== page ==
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Microsoft Businesses

States Claim There is No Match for Microsoft 533

Bergkamp10 writes "State antitrust regulators have dismissed companies such as Google and Mozilla Corp, and software technologies such as AJAX and SaaS as "piddling players that pose no threat to Microsoft's monopoly in the operating system and browser markets". According to the report ten US states, including California, New York and the District of Columbia have called for an extension of monitoring of Microsoft's business practices until November 2012. They claim that little has changed in the OS and browser spaces since the 2002 antitrust case ruled against Microsoft. In their most recent brief, the states countered Microsoft's contention that Web-based companies — Google, Salesforce.com, Yahoo, eBay and others — and new Web-centric technologies constitute what Microsoft dubbed a "competitive alternative to Windows." Not even close, said the states, claiming that while these companies' products provide functionality for users they still rely on Operating Systems and browsers — the two spaces where Microsoft dominates. Experts were apparently even more damning, claiming competition in the market has not been restored since 2002 and that the collective powers of Google, Firefox and Web 2.0 are about as effective as a one legged man in a butt-kicking contest when it comes to unsettling Microsoft's monopoly of the market."
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States Claim There is No Match for Microsoft

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  • Money! (Score:5, Insightful)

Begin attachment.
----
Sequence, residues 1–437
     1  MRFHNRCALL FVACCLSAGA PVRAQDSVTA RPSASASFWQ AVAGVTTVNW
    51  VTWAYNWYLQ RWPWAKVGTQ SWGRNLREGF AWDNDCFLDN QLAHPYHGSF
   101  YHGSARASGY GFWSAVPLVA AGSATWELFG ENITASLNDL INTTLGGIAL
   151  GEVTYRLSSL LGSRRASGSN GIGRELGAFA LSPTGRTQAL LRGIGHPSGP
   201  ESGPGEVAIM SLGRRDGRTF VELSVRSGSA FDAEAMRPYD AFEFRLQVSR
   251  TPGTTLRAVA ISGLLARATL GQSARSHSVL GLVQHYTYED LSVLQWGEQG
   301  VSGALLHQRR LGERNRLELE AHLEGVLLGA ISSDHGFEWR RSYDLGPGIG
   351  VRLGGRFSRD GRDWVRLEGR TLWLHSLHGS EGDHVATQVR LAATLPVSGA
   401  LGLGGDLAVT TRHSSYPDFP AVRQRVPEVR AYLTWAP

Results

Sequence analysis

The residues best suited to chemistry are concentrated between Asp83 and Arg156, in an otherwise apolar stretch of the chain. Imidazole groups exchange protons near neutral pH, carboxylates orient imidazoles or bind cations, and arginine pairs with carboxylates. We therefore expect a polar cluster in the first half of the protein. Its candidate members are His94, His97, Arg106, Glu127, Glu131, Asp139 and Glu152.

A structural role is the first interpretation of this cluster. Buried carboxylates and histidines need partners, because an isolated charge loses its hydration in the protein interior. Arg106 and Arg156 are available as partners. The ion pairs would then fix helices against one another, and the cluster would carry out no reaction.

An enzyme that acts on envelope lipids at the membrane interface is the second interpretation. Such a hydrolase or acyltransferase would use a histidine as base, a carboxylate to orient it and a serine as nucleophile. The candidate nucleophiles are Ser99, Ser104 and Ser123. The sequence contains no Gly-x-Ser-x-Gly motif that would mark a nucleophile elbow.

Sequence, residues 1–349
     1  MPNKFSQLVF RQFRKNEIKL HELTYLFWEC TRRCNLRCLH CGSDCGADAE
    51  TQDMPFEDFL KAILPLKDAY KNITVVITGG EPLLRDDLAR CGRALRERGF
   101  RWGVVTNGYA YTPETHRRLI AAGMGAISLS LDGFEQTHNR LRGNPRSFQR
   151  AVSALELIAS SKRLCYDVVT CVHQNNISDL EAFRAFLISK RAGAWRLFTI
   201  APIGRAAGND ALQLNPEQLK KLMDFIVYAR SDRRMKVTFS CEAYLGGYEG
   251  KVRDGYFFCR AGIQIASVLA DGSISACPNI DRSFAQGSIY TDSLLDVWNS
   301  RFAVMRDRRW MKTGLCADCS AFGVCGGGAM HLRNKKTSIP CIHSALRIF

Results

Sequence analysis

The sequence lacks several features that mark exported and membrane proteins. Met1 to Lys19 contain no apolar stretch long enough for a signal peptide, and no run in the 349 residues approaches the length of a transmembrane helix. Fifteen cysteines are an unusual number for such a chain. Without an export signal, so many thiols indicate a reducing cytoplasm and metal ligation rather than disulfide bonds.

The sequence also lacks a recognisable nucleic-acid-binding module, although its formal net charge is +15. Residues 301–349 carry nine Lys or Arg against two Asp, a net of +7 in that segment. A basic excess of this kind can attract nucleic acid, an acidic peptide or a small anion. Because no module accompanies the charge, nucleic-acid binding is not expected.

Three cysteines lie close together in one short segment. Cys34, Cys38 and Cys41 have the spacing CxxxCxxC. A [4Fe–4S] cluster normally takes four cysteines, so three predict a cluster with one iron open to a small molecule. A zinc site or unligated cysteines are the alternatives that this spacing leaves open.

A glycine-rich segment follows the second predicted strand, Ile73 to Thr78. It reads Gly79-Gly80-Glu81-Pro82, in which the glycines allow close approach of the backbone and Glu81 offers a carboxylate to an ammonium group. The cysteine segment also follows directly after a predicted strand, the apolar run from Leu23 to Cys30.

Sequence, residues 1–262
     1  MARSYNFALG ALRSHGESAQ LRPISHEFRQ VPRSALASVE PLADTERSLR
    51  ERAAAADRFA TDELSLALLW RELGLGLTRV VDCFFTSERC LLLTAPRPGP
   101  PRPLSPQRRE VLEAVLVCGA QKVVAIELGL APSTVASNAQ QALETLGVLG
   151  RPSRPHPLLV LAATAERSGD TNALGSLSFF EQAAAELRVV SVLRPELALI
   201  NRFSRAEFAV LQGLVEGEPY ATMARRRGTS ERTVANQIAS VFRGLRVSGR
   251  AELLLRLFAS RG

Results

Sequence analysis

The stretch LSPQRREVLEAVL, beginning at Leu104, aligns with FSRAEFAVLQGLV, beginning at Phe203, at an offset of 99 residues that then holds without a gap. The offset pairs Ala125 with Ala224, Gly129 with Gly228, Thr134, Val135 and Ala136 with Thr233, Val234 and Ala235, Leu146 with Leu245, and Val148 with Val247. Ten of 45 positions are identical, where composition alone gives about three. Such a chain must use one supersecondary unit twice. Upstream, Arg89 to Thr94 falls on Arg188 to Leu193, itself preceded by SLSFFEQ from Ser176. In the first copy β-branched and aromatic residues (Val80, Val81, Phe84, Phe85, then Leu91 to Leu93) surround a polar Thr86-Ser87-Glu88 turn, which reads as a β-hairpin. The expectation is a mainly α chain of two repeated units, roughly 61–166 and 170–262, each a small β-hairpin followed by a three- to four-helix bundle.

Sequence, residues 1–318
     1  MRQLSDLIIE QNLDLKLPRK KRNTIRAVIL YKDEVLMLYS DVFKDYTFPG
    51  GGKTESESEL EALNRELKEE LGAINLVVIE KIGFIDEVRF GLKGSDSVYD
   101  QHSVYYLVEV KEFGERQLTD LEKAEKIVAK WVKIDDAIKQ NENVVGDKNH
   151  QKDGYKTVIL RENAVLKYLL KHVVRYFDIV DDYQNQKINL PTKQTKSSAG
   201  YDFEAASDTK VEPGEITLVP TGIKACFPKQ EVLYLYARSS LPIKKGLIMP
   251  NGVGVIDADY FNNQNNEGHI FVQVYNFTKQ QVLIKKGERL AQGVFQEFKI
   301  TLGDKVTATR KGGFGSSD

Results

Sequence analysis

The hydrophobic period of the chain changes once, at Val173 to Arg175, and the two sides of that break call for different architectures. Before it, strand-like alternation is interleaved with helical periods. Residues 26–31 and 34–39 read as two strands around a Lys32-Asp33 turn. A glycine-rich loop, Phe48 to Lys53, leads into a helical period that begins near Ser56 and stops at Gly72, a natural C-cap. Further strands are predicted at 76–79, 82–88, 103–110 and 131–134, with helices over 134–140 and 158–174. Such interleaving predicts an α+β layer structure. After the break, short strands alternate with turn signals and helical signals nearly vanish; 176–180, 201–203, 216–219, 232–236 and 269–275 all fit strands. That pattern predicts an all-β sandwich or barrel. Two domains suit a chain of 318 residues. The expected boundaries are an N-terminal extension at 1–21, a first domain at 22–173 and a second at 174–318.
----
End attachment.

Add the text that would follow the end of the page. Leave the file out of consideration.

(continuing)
by subl33t ( 739983 ) on Wednesday November 28, 2007 @11:11PM (#21513633)
    The governments of these states will no-doubt still gladly accept campaign contributions from Microsoft...
    • Re: (Score:3, Insightful)

      by Prod_Deity ( 686460 )
      that, and still continue to use MSFT products. if these states would walk the walk by using alternatives, I'd be with them. but, I have a feeling that it's just a lot of talk, and nothing will happen.
      • Re:Money! (Score:5, Insightful)

        by notamisfit ( 995619 ) on Wednesday November 28, 2007 @11:55PM (#21513949)
        But according to the states, there are no viable alternatives.
        • by falconwolf ( 725481 ) <falconsoaring_2000@yah o o . c om> on Thursday November 29, 2007 @01:15AM (#21514467)

          there are no viable alternatives.

          The thing is is there are viable alternatives however MS lobbyist keep using FUD to scare states from using these, including open source, alternatives. I'm typing this in Firefox running in Tiger, no I didn't upgrade to Leopard even though I have the dvd, on a MacBook Pro. For my office suite I use NeoOffice, the Mac centric version of Open Office. With it I can open and save documents in MS Office 2007's .docx format.

          Falcon
          • Re: (Score:3, Insightful)

            by jimicus ( 737525 )
            There are viable alternatives for the individual with a few hundred documents at most.

            What they're talking about is viable alternatives for the government department with thousands of documents, dozens of databases and systems which interact with each other and the outside world which have been built up over the course of many years.

            Yes, there are alternatives. But the sheer quantity of work involved in rolling them out is immense. I suspect many of these states want a drop-in alternative where they can h
            • by HalAtWork ( 926717 ) on Thursday November 29, 2007 @10:09AM (#21517331)
              If they want a drop-in alternative then they have to have documentation on the specifics of the files and protocols they want to interface with. MS provides no such thing and the states aren't making it clear that this is what MS should do, as EU is doing.
            • by marcello_dl ( 667940 ) on Thursday November 29, 2007 @10:20AM (#21517463) Homepage Journal
              It's very sensible to underline the amount of work involved in a migration. However I think we're missing the point.

              Wouldn't it sound terribly fascist if your public administration got a parking lot manufactured by Smart which accomodates only the measures of Smart vehicles, thereby forcing all employees and visitors to get a smart? yet we accept similar stunts in software.